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Bean Sprout Net Carbs: Are Bean Sprouts Keto-friendly?

Latest updates by: Susan Rov
Custom KetoDiet Plan

Are you bored of having the same keto meals? Are you looking for a new low-carb vegetable to spice up your daily dishes?

Bean sprouts might be the answer.

Bean sprouts contain only 5.9g of total carbs per 100g and can add volume and a satisfying crunch to your stir-fries.

How much bean sprouts can you eat on keto? Are they more healthy than regular mung beans? And are there any other keto low carb sprouts?

Read on to find the answers to all your questions about this exotic vegetable.

What Are Bean Sprouts?

image of bean sprouts

Sprouting is a method of soaking and rinsing food products such as beans, grains, or nuts. It is a natural process by which seeds or spores germinate or produce new shoots. (*)

While there are many available, the sprouts that come from mung beans are the most common, popularized by Asian cuisines. The sprouted mung beans are referred to as bean sprouts.

Are Bean Sprouts Low In Carbs?

Mung bean sprouts contain 5.9 grams of total carbs per 100g. With 1.8 grams of fiber, the same serving only contains 3 grams of net carbs (*). This makes bean sprouts ideal for all low-carb diets.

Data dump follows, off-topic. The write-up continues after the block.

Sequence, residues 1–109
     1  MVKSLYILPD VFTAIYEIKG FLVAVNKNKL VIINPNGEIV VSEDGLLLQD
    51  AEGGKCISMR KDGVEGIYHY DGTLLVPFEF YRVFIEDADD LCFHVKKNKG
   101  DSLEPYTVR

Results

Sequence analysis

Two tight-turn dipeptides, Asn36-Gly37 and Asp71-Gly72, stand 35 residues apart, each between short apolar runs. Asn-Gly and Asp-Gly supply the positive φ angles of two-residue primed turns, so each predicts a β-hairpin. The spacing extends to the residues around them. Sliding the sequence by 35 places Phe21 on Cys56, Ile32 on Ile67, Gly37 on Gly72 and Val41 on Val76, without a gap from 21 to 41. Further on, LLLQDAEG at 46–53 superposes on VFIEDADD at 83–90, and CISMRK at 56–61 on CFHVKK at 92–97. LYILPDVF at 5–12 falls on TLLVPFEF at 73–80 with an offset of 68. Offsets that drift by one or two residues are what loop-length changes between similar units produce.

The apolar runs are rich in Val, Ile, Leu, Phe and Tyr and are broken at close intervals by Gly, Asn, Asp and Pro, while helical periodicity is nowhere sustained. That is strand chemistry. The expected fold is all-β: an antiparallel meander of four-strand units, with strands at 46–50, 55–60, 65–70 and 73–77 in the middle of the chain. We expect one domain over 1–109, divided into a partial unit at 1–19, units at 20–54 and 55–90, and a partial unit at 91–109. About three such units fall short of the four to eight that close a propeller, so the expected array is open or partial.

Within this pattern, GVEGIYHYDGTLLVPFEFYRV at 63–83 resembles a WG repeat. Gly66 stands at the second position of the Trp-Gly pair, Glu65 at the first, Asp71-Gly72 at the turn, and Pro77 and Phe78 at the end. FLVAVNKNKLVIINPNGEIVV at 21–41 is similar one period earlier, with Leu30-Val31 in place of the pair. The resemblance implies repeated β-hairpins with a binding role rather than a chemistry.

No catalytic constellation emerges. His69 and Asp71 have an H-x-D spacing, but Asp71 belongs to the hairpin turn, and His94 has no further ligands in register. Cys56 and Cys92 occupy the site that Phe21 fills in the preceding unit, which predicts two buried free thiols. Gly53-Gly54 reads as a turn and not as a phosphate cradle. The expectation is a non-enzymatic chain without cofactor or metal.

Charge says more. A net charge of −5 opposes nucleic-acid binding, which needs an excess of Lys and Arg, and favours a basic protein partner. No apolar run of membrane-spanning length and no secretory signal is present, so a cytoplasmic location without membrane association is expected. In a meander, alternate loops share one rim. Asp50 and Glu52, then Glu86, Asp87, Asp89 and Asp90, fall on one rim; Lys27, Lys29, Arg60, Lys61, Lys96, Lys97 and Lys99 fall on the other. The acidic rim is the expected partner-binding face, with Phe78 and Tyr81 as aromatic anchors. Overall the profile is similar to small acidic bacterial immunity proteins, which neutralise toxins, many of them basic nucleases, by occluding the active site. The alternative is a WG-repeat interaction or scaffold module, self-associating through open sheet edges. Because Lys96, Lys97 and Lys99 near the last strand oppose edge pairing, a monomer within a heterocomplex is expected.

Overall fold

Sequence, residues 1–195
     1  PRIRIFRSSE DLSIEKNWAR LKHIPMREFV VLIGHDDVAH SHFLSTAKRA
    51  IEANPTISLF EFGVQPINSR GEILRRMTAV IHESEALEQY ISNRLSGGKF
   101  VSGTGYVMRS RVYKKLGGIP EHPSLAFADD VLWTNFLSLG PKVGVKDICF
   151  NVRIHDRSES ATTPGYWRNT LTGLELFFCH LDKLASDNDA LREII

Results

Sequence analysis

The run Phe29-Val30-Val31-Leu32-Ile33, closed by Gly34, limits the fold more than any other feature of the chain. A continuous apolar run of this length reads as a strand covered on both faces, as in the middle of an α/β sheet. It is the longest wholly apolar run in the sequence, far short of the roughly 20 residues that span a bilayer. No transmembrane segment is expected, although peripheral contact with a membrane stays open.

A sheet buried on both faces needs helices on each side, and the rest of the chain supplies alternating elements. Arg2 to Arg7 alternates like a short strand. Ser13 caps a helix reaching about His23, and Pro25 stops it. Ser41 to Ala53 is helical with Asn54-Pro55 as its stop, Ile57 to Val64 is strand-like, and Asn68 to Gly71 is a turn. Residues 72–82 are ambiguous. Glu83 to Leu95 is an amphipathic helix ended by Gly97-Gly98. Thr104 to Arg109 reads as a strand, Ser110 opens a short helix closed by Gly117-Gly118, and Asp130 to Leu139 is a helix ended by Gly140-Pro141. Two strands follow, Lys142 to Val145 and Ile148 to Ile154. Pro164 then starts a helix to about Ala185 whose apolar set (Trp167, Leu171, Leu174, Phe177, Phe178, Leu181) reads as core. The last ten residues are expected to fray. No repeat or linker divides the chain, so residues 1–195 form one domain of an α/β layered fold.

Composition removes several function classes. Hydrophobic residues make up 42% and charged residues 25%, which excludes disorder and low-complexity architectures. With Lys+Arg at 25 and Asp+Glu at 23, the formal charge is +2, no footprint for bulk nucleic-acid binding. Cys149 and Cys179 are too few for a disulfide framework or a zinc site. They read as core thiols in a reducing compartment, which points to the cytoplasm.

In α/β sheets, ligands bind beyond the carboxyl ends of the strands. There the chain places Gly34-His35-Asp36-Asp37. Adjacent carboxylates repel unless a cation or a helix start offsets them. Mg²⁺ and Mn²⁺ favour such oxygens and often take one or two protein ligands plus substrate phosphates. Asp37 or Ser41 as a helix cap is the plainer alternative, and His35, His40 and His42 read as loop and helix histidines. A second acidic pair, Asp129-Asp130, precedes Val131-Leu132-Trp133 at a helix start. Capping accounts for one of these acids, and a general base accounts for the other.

Apart from carbs, bean sprouts contain mostly water, therefore, they are also low-calorie. The generous 100 gram serving of bean sprouts will only cost you 30 calories and boost your daily intake with 3 grams of protein.

Can I Eat Bean Sprouts On Keto?

The guidelines for ketogenic diets recommend a daily intake that is high in fats, very low in carbs, and moderate consumption of protein (*).

Most standard ketogenic guidelines recommend consuming less than 30 grams of net carbs per day in order to maintain ketosis, which is a state where your body utilizes fats instead of glucose for energy (*).

With only 2 grams of net carbs per one-cup serving beans sprouts contain, they are perfect for keto diets.

Are Bean Sprouts Keto-Friendly?

Since bean sprouts are mostly made out of water, fiber, and very little amount of carbs, even in larger amounts, they can be an effective way to add volume to your meals and boost satiety.

Bean sprouts are a whole food that contains no added ingredients or refined additives, ticking another box from the keto-approved checklist.

The only concern when eating bean sprouts on a keto dies is that they are very low in fats.

That’s why we would recommend that you include sources of fats, such as fatty cuts of meat, oil, or butter, to ensure the meal is more filling and more suitable for keto diets.

Are Bean Sprouts Healthy?

The sprouting process boosts the nutritional value of mung beans. Sprouted beans contain higher amounts of Vitamin C, Calcium, Antioxidants, and Iron (*).